Has anyone else noticed this? Is it a new thing?
Oh, and yes, I can access the tools if I turn off CRL checking (not a good idea for the security concerned).
Sunday, August 8, 2010
Friday, August 6, 2010
At one point, this blog was associated with malware analysis (the posts are in the archive). I've been too busy (for years) to touch much on the topic. I wonder if I'm a victim of my own nosey-ness, anywhere else...
Wednesday, August 4, 2010
Monday, August 2, 2010
- DNS entries (forward and reverse) are a must. Host table lookups weren't working.
- The OPER password has a not-safe-for-production work-around (ask me sometime).
Saturday, July 31, 2010
The good news is that it didn't take too long to also migrate the graphics from 757 to Blogger. The bad news is that, over time, four pictures were somehow lost. (Don't know how that happened.) Also, the format of some of the older posts is a bit borked (I'll work on these over time).
The previous attempt, using the Google Blog Converters AppEngine, didn't go well. The dates for the posts were all the same.
This attempt was moderately sedate, though a bit involved. I imported the Blosxom content into Wordpress and then used the online Wordpress-to-Blogger tool to export from Wordpress and import to Blogger. The latter tool has a limitation in that it doesn't export files bigger than 1MB. This was worked around by limiting the Wordpress output to individual years. It's a little bit of extra work but it took longer to write this post than it did to export all of the posts.
In any case, the old blog is down. Enjoy this one!
Tuesday, July 27, 2010
In any case, I was able to geek a bit, in between afternoon thunderstorms. It took a bit of work but I did get Asterisk 1.8.0beta1 compiled. For those considering it, be sure that you know how to track down the odd development library and how to compile third party code. There's a number of external packages that you need to find/compile. I'm researching the iCal, IPv6, and Jabber interfaces. I'll add notes to the wiki as I learn about them.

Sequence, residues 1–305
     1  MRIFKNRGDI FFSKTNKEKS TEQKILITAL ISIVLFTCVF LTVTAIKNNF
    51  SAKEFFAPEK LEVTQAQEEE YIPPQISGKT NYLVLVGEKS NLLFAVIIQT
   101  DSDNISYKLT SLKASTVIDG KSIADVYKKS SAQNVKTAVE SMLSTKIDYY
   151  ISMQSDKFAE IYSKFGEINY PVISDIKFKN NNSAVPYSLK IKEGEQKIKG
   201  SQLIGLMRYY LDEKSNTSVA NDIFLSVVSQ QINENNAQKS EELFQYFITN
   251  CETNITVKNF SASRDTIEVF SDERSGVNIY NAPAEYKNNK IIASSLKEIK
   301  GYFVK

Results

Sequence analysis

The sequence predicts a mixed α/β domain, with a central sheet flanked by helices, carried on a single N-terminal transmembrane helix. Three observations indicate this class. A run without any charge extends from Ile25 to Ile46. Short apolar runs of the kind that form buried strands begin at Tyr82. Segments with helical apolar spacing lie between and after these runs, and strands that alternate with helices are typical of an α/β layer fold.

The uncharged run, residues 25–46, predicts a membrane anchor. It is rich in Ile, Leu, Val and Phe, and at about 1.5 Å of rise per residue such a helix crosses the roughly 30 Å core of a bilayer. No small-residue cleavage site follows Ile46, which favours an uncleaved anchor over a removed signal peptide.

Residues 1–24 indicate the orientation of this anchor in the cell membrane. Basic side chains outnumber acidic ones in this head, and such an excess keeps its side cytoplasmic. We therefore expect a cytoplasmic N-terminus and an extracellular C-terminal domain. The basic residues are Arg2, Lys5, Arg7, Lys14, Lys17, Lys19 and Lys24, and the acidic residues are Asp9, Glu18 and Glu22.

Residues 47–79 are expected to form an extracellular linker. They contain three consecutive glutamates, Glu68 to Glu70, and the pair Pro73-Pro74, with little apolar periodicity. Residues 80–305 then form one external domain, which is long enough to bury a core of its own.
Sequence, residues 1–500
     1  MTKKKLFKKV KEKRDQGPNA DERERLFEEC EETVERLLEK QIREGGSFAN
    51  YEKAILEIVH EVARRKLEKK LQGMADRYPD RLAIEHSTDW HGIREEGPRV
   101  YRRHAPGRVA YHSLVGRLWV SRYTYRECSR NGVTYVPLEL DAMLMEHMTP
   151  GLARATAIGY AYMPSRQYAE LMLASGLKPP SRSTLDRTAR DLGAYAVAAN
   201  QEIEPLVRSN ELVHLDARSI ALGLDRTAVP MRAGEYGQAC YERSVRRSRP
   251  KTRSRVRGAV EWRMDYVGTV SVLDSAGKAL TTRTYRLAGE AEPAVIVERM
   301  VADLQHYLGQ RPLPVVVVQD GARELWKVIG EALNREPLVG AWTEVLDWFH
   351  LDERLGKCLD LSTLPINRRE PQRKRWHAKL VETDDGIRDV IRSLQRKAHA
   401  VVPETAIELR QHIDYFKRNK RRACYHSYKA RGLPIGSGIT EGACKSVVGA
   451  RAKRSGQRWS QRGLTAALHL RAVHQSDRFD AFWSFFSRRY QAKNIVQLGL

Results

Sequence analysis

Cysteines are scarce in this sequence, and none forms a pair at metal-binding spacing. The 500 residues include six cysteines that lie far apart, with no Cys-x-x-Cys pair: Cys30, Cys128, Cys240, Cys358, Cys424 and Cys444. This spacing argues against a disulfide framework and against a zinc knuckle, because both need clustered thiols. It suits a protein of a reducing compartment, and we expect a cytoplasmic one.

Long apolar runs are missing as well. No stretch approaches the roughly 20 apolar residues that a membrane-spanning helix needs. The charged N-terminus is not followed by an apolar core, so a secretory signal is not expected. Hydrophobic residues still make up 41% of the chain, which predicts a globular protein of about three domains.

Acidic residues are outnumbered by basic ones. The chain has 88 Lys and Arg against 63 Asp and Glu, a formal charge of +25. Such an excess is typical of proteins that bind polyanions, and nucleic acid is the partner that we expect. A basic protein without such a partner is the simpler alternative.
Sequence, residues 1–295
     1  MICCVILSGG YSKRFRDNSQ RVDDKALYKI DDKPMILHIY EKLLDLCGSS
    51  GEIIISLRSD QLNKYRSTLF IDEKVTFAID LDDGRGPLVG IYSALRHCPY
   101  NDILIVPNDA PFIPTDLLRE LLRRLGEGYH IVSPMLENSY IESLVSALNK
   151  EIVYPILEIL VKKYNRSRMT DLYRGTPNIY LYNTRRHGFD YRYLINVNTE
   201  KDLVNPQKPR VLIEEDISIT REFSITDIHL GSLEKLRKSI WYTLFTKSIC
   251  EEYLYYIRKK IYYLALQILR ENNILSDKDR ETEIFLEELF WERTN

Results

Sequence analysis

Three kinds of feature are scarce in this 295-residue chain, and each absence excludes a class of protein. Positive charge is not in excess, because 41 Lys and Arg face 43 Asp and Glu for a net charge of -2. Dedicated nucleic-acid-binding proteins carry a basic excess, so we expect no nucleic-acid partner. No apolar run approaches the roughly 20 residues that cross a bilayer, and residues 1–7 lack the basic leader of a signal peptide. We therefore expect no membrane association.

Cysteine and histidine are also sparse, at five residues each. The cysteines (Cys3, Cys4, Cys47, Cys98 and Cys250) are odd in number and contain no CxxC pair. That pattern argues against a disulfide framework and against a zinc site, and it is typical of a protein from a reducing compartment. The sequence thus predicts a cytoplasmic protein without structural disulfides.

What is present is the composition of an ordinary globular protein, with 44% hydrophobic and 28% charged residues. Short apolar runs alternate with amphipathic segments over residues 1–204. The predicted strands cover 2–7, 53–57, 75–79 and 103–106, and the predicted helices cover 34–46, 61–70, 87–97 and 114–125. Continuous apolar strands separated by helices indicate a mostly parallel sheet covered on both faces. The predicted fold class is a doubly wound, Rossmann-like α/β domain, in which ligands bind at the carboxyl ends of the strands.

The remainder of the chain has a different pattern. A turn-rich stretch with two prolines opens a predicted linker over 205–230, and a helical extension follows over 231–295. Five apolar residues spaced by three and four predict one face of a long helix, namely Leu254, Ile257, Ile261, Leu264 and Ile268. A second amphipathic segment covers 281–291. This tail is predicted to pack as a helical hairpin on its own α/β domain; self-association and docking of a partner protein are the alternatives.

The power supply issue is going to be painful. It looks like we may have to spend almost 50% of what the box cost us to get an UPS with "adequate" power conditioning. Faugh on you, HP!
The Ubuntu install on the Acer Revo went without a hitch. I added an external SATA drive, created the boot stick with usb-creator, adjusted the boot selection in BIOS, and installed 10.4 in about the usual time, all without affecting the native XP install. Audio, video, and network all worked nicely without having needing repair. I now have the little box connected to a KVM with the main box and have the vSphere client installed on XP.
I didn't get much work in on reviewing Jabber bots. I was too distracted in reading the docs for Asterisk 1.8
I have a backlog of stuff to post to the wiki too. Maybe this weekend?
Wednesday, July 21, 2010
- work on friend's ESXi system, get various sample systems running and documented
- tweak on own ESXi box
- install Ubuntu 10.4 ISO on thumb drive and use it to dual boot on an Acer Revo (no external drives)(adding .5TB SATA though)
- attempt to "adapt" Bitlbee code for alternate purposes
- review a number of Jabber bots
- find a usable UPS or line conditioner for an insanely line-noise sensitive HP Proliant 350 G6 (dang thing quits if there's a lightning strike two counties over)
- wade through the still-growing backlog of photographs of family and friends
And that's just the geek stuff. I still have to mow the lawn and do battle with the hedges (they always win).
Monday, July 19, 2010
In any case, the 4.1 install didn't work. It would boot but would fail early in the install, claiming that it couldn't see my CDROM. 4.0 did install and I just now downloaded the 4.0-to-4.1 upgrade, so I'm hoping that his will work.
What I did manage to do is come up with a pseudo-quad boot, so that I can run either ESXi, Ubuntu 10.4, Windows XP, or whatever I have on the fourth drive (it varies over short periods of time). This is accomplished via BIOS, which allows me to enable/disable SATA channels and also allows me to change the order of the hard drives that the box attempts to boot from.